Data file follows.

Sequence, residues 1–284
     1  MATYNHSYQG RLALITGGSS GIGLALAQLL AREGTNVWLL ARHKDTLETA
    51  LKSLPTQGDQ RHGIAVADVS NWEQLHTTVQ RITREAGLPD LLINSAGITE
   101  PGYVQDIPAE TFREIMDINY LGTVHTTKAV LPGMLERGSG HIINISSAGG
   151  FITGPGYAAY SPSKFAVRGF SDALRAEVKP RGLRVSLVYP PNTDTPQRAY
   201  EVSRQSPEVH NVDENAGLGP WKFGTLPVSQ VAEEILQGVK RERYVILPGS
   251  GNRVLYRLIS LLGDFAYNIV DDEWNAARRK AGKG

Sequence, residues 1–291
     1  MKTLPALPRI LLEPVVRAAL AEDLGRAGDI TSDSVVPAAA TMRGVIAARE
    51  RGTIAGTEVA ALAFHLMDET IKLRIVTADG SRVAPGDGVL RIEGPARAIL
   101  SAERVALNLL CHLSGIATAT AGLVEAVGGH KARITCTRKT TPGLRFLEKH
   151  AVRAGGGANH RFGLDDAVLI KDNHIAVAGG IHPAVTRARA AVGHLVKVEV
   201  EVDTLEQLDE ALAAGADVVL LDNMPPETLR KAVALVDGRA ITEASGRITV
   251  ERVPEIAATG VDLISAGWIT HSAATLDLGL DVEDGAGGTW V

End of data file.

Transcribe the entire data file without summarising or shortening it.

Sequence, residues 1–284
     1  MATYNHSYQG RLALITGGSS GIGLALAQLL AREGTNVWLL ARHKDTLETA
    51  LKSLPTQGDQ RHGIAVADVS NWEQLHTTVQ RITREAGLPD LLINSAGITE
   101  PGYVQDIPAE TFREIMDINY LGTVHTTKAV LPGMLERGSG HIINISSAGG
   151  FITGPGYAAY SPSKFAVRGF SDALRAEVKP RGLRVSLVYP PNTDTPQRAY
   201  EVSRQSPEVH NVDENAGLGP WKFGTLPVSQ VAEEILQGVK RERYVILPGS
   251  GNRVLYRLIS LLGDFAYNIV DDEWNAARRK AGKG

Sequence, residues 1–291
     1  MKTLPALPRI LLEPVVRAAL AEDLGRAGDI TSDSVVPAAA TMRGVIAARE
    51  RGTIAGTEVA ALAFHLMDET IKLRIVTADG SRVAPGDGVL RIEGPARAIL
   101  SAERVALNLL CHLSGIATAT AGLVEAVGGH KARITCTRKT TPGLRFLEKH
   151  AVRAGGGANH RFGLDDAVLI KDNHIAVAGG IHPAVTRARA AVGHLVKVEV
   201  EVDTLEQLDE ALAAGADVVL LDNMPPETLR KAVALVDGRA ITEASGRITV
   251  ERVPEIAATG VDLISAGWIT HSAATLDLGL DVEDGAGGTW V